Not using the histogram
Are your photos overexposed or underexposed? The histogram chart on your camera will help you understand if your photo is properly exposed. The image above is what the chart should look like for a well-balanced photo.
When taking photos your eyes can be deceiving, it’s really easy to think you’re taking a good photo until you pull it up on your computer and realize the highlights are blown out or the shadows are too dark and lose detail.
If the lines are more to the right side your image will be overexposed. When editing an image that was overexposed, the highlights in the photo will be far too bright. This is really common to do when you have a sunny sky in the background and a darker subject. The sky will typically be washed out losing a ton of detail that isn’t recoverable with editing.
If the lines are more to the left side your image will be underexposed. An underexposed image will be dark and lose a lot of detail in the shadows. When you go to brighten the image with a photo editor the shadows will be very grainy and possibly missing important details.
Not moving enough
When taking photos it can become super easy to forget to move around and take different angles. I personally make it a goal to try and find new ways to frame my shot. I’m always looking for the unique angle no one else thought about.
This mistake also includes forgetting to move things out of your picture that distracts and takes away from the image. Taking that extra minute to remove a water bottle or chair from your scene can drastically improve your photography.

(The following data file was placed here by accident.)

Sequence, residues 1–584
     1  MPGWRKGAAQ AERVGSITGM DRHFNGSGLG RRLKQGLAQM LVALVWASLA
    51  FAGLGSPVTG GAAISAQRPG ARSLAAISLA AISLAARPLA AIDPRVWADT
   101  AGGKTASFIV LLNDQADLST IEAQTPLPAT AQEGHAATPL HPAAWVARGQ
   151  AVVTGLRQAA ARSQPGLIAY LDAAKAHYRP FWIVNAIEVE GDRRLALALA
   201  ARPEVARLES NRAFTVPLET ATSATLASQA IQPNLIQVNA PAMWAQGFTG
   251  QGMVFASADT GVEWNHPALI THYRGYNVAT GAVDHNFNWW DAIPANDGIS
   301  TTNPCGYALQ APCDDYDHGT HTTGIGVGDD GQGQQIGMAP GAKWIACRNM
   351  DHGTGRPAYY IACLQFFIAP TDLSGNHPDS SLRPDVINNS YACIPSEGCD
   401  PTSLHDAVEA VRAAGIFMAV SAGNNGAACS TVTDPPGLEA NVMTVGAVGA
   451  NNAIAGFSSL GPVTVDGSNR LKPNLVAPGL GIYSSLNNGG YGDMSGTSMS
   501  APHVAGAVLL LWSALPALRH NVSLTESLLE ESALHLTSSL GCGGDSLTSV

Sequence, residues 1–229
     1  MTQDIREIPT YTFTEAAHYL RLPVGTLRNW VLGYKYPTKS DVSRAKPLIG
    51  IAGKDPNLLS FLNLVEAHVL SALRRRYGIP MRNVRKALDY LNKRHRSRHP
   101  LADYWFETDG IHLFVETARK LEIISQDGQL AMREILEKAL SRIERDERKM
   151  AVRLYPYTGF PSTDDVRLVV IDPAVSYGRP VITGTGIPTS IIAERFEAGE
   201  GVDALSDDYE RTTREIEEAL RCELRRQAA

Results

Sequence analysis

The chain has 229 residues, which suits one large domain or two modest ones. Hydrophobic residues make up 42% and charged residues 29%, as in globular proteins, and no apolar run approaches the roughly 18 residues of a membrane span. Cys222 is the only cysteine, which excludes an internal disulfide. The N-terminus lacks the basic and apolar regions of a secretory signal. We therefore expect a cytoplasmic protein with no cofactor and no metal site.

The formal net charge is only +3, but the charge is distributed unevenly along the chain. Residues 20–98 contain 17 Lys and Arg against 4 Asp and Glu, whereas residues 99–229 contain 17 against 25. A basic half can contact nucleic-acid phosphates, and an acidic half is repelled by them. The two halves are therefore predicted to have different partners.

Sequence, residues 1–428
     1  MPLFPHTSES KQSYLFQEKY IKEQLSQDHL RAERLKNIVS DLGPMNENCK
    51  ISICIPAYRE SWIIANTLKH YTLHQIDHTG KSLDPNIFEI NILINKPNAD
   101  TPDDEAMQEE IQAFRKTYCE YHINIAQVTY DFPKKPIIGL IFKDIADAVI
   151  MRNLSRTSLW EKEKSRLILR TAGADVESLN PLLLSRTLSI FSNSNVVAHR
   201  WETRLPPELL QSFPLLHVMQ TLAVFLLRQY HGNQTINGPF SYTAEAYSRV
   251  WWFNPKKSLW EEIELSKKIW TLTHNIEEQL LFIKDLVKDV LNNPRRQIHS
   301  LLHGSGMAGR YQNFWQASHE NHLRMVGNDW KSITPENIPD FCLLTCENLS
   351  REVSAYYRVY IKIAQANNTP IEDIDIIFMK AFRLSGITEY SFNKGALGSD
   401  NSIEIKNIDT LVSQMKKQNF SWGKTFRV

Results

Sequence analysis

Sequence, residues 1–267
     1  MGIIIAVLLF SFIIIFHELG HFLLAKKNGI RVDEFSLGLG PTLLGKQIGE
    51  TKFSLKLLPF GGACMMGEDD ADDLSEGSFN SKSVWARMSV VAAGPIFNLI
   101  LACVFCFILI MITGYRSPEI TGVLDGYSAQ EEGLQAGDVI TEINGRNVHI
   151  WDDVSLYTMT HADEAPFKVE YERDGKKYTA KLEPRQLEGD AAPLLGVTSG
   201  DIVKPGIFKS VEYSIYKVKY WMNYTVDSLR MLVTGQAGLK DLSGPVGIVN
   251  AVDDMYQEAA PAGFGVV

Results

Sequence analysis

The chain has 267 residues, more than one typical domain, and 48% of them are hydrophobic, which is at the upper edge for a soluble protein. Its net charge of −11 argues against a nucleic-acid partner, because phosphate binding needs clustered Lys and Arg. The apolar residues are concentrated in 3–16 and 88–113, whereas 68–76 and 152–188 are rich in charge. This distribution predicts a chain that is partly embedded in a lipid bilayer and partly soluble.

In this photo, I wasn’t happy with the angle, so I got lower and removed a cup to make the scene less distracting.
Moving around your subject to capture different lighting or angles will also help you learn the best way to capture the image you want. If you’re not satisfied with your photo consider trying a few different locations to find the one that fits the best.
Not bringing a tripod
Tripods are great for two main reasons, the first one being tripods stabilize the shot. What good are your photos if they’re all blurry? I’ve forgotten to bring my tripod with me a few times and thought I was taking good photos. After I got home to edit I realized half my images were out of focus and blurry.
The second important reason to have a tripod is for long exposure photography. You cannot take photos of the night sky, dark rooms, or light painting without a tripod to hold your camera as still as possible.
tips for buying a good tripod
Ball head tripod
A ball head tripod will give you much more flexibility to angle the camera in almost any direction you need to. I started out with a cheap lever tripod from Walmart in the beginning, since I switched I’ve never used a lever tripod since.
Buy a tall tripod
When I first started photography I had a 5ft tripod and used it a lot. However, there were many times I needed a taller tripod to capture a shot from a higher angle. That’s why I recommend buying one that’s over 6ft tall.
Here’s the one I personally use and recommend.
I get commissions for purchases made through links in this post.
Not taking photos for social media
If you want your work to be seen as a photographer you need to be taking vertical photos. Social media posts that tend to perform the best take up as much space on the phone screen as possible. Most phones are in a 9:16 ratio. To capture a “Social Media Photo” simply turn your camera on its side when taking a photo, then reframe your shot to fit appropriately.
I personally make it a goal to shoot an image that I like vertically and then try to capture another image horizontally. Then I can have photos for a blog/video or a social media post.
To sum everything up, make sure you use the histogram for better exposure, move around more to take more interesting photos, don’t forget your tripod so you capture stable images, challenge yourself to take more vertical pictures for social media.
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